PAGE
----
11. 21. 2007
Kindle: Amazon’s very own digital book reader
If you go to Amazon.com these days you'll find a message on their homepage introducing Kindle, Amazon’s very own wireless electronic portable reader with instant access to more than 90.000 books, blogs, magazines and newspapers.
The once only-online-books-retailer worked on the device for more than 3 years trying to go "beyond the physical book”.
“Our top design objective was for Kindle to disappear in your hands -- to get out of the way -- so you can enjoy your reading.”
Kindle uses the same wireless technology as advanced cell phones, which allows you to download/buy books directly onto/from the device in less that 60 seconds, with no Internet access or tedious search for Wi-Fi hotspots. Unlike regular cell phone technology, no monthly access fee is required for Kindle. What you pay is the content you decide to download. For example, a subscription to the NYTimes costs $13.99 per month and one to BoingBoing $1.99, whereas a whole book costs on average $9.99 (books can be previewed free of charge as on Amazon.com). Finally, sending files you already own to your Kindle will cost you 10 cents.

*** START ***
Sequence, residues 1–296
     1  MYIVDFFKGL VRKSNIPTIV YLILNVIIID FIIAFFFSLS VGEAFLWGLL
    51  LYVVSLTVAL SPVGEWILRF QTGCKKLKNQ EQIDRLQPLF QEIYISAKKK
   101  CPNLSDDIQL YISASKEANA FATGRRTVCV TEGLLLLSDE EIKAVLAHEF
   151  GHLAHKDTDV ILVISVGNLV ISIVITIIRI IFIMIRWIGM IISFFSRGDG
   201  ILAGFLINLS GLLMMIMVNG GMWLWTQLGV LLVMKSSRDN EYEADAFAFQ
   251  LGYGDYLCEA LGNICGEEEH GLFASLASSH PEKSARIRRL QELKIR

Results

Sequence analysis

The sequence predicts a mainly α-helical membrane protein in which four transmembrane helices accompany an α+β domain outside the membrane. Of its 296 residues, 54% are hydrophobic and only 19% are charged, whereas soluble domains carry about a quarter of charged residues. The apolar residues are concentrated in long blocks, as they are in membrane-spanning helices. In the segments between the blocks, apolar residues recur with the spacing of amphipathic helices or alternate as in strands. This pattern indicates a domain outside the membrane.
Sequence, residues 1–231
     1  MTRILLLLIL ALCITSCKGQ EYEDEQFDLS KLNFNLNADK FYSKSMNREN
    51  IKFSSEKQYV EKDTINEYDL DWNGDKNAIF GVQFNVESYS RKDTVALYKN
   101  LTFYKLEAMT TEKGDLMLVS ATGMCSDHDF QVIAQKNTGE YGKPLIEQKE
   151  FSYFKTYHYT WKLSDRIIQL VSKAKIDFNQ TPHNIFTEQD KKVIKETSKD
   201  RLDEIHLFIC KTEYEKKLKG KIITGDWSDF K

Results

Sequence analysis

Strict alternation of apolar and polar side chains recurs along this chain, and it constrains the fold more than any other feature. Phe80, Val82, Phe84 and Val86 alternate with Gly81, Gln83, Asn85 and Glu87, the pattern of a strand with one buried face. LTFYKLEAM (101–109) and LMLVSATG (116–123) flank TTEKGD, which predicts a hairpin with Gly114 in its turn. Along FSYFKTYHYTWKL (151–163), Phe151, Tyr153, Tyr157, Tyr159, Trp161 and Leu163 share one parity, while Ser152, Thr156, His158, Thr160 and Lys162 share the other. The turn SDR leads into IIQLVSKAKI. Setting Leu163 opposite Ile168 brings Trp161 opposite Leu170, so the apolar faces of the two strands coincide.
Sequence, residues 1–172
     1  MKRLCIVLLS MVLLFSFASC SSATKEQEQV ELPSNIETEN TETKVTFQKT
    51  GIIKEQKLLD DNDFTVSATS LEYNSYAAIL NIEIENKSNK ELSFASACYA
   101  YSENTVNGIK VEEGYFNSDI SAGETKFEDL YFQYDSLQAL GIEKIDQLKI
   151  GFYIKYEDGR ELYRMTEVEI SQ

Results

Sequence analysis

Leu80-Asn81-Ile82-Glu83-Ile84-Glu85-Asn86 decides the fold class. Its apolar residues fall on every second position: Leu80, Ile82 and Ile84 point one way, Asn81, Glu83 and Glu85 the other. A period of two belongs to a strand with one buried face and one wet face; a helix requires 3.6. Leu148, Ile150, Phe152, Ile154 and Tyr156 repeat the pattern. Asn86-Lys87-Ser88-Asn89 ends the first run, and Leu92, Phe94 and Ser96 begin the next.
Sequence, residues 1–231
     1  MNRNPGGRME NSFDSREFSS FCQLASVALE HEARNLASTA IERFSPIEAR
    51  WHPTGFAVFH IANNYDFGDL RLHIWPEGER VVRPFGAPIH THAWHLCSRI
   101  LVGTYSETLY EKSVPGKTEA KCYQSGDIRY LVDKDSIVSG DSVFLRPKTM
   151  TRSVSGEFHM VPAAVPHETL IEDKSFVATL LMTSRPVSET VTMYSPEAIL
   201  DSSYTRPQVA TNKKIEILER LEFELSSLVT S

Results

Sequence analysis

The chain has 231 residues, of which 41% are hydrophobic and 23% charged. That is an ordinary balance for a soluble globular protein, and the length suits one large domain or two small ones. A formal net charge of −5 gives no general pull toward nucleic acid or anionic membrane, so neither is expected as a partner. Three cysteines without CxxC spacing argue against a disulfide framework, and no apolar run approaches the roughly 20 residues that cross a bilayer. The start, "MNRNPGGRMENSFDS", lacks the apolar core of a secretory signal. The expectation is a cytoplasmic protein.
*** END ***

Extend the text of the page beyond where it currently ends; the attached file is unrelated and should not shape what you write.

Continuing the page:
Kindle uses the electronic paper technology known to resemble regular paper readability and to provide a crisp black-and-white screen that is much easier on your eyes than any computer screen. The device comes with a built-in qwerty keyboard that allows you to take notes on what you're reading, search the stored content, search the Amazon library (and complete purchases of course!) and send messages. Yes send messages, because every Kindle owner will also receive an associated Kindle email address. And if you struggle with what you're reading, two buttons on the device will quick-link to both the Oxford English Dictionary and Wikipedia.
Kindle weighs less than a paperbook but can hold about 200 books, and its memory can be increased using an SD card. The good news is that Amazon will keep backup copies of any of the books purchased via Kindle so they can be re-loaded on the device as many time as you want.
Amazon’s electronic reader is already available in the states for $399; no information yet as to when it's going to be sold in Europe. Though, according to this BBC article Kindle’s wireless technology might limit its success in the old continent:
“Content is delivered to the device via the EVDO wireless network - this could limit the gadget's overseas appeal as the technology is not widely used outside North America.”